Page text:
• Clarke CM (1997a) Another nice trip to Sumatra. Carnivorous Plant Newsletter 26(1): 4–10.
  • Clarke CM (1997b) Nepenthes of Borneo. Natural History Publications (Borneo), Kota Kinabalu, 207 pp.
  • Clarke CM (2001) Nepenthes of Sumatra and Peninsular Malaysia. Natural History Publications (Borneo), Kota Kinabalu, 326 pp.
  • Cross A, Kalfas N, Nunn R, Conran J (2019) Cephalotus: the Albany Pitcher Plant. Redfern Natural History Productions, Poole.
  • Danser BH (1928) The Nepenthaceae of the Netherlands Indies. Bulletin du Jardin Botanique de Buitenzorg 9: 249–438.
  • Darnowski D, Bauer U, Méndez M, Horner J, Plachno BJ (2018) Prey selection and specialization by carnivorous plants. In: Ellison AM, Adamec L (Eds) Carnivorous Plants-Physiology, ecology and evolution. Oxford University Press, 285–293.
  • De Grisse A (1969) Redescription ou modifications de quelques techniques utilisées dans l`étude des nématodes phytoparasitaires. Mededelingen Rijksfaculteit der Landbouwwetenschappen Gent 34: 351–369.
  • Ellison A, Gotelli N, Brewer S, Cochran-Stafira L, Kneitel J, Miller T, Worley A, Zamora R (2001) The evolutionary ecology of carnivorous plants. Advances in Ecological Research 33: 1–74.
  • Gaveau DL, Sheil D, Salim MA, Arjasakusuma S, Ancrenaz M, Pacheco P, Meijaard E (2016) Rapid conversions and avoided deforestation: Examining four decades of industrial plantation expansion in Borneo. Scientific Reports 6(1): e32017.
  • Geraert E, Sudhaus W, Lenaerts L, Bosmans E (1988) Halicephalobus laticauda sp. n., a nematode found in a Belgian coal mine (Nematoda, Rhabditida). Annales de la Société Royale Zoologique de Belgique 118: 5–12.
  • Ghazalli MN, Tamizi AA, Nikong D, Besi EE, Mat Esa MI, Mohd Esa AR, Latiff A, Zaini AZ, Shakri MA (2020) Nepenthes latiffiana and N. domei (Nepenthaceae), two new species of pitcher plants from Terengganu, Peninsular Malaysia. Webbia 75(1): 5–28.
  • Givnish TJ, Burkhardt EL, Happel RE, Weintraub JD (1984) Carnivory in the bromeliad Brocchinia reducta, with a cost/benefit model for the general restriction of carnivorous plants to sunny, moist, nutrient-poor habitats. American Naturalist 124(4): 479–497.
  • Golos MR, Robinson AS, Barer M, Dančák M, de Witte J, Limberg A, Sapawi NBM, Tjiasmanto W (2020) Nepenthes fractiflexa (Nepenthaceae), a new Bornean pitcher plant exhibiting concaulescent metatopy and a high degree of axillary bud activation. Phytotaxa 432(2): 125–143.
  • Ishaq LS, Hotopp A, Silverbrand S, Dumont EJ, Michaud A, MacRae JD, Stock SP, Groden E (2021) Bacterial transfer from Pristionchus entomophagus nematodes to the invasive ant Myrmica rubra and the potential for colony mortality in coastal Maine. iScience 24(6): 1–24.
  • Jebb M, Cheek M (1997) A skeletal revision of Nepenthes (Nepenthaceae). Blumea 42(1): 1–106.
  • Karagatzides JD, Ellison AM (2009) Construction costs, payback times, and the leaf economics of carnivorous plants. American Journal of Botany 96(9): 1612–1619.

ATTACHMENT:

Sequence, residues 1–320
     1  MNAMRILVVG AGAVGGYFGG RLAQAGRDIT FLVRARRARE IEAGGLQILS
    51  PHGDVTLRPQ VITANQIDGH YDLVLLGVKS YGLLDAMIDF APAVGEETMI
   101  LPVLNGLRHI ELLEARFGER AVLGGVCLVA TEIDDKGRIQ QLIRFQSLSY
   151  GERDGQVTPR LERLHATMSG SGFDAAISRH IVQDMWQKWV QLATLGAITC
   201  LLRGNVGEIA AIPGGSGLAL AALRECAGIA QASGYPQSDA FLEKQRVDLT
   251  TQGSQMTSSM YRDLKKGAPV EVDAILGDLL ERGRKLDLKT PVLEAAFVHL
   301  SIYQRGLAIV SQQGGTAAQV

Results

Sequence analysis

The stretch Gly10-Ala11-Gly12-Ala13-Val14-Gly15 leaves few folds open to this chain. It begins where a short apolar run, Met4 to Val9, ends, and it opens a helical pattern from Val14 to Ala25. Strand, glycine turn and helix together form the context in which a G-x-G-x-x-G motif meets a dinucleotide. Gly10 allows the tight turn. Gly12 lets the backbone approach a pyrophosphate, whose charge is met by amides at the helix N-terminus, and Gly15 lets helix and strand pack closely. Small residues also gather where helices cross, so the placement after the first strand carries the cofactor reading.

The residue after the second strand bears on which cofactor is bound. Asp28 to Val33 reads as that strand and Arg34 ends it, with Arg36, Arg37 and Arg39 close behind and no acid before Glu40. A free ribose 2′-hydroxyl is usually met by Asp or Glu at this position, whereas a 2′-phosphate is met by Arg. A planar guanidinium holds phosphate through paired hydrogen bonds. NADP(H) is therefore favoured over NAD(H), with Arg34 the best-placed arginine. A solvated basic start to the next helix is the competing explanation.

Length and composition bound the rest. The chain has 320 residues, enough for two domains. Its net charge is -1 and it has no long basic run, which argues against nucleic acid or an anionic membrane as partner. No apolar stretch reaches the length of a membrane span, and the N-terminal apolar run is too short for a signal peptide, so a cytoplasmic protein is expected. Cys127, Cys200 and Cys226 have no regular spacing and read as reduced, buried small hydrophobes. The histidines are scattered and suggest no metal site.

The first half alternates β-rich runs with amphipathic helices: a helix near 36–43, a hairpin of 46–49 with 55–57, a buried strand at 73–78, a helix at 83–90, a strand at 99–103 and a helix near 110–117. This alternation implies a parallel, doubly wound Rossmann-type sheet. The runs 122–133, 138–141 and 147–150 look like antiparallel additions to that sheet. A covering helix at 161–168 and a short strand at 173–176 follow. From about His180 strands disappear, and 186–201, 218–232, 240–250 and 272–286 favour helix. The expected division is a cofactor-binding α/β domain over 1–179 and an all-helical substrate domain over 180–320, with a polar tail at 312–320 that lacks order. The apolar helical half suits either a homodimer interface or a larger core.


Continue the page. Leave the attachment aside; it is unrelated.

• Körner H (1954) Die Nematodenfauna des vergehenden Holzes and ihre Beziehung zu Insekten. Zoologische Jahrbucher 82: 345–533.
  • McPherson S, Schnell D (2011) Sarraceniaceae of North America. Redfern Natural History Productions, Poole 170(1): 133–133.
  • Murphy B, Forest F, Barraclough T, Rosindell J, Bellot S, Cowan R, Golos M, Jebb M, Cheek M (2020) A phylogenomic analysis of Nepenthes (Nepenthaceae). Molecular Phylogenetics and Evolution 144: e106668.
  • Nerz J, Mann P, Alt T, Smith T (1998) Nepenthes sibuyanensis, a new Nepenthes from Sibuyan, a remote island of the Philippines. Carnivorous Plant Newsletter 27(1): 18–23.
  • Osunkoya OO, Daud SD, Di Giusto B, Wimmer FL, Holige TM (2007) Construction costs and physico-chemical properties of the assimilatory organs of Nepenthes species in northern Borneo. Annals of Botany 99(5): 895–906.
  • Osunkoya OO, Daud SD, Wimmer FL (2008) Longevity, lignin content and construction cost of the assimilatory organs of Nepenthes species. Annals of Botany 102(5): 845–853.
  • Pavlovič A, Saganová M (2015) A novel insight into the cost–benefit model for the evolution of botanical carnivory. Annals of Botany 115(7): 1075–1092.
  • Pavlovič A, Masarovičová E, Hudák J (2007) Carnivorous syndrome in Asian pitcher plants of the genus Nepenthes. Annals of Botany 100(3): 527–536.
  • Pavlovič A, Singerová L, Demko V, Hudák J (2009) Feeding enhances photosynthetic efficiency in the carnivorous pitcher plant Nepenthes talangensis. Annals of Botany 104(2): 307–314.
  • Pereira CG, Almenara DP, Winter CE, Fritsch PW, Lambers H, Oliveira RS (2012) Underground leaves of Philcoxia trap and digest nematodes. Proceedings of the National Academy of Sciences of the United States of America 109(4): 1154–1158.
  • Phillipps A, Lamb AL, Lee CC (2008) Pitcher Plants of Borneo, 2nd edn. Natural History Publications (Borneo), Kota Kinabalu.
  • Płachno BJ, Kozieradzka-Kiszkurno M, Świątek P, Darnowski DW (2008) Prey attraction in carnivorous Genlisea (Lentibulariaceae). Acta Biologica Cracoviensia. Series; Botanica 50: 87–94.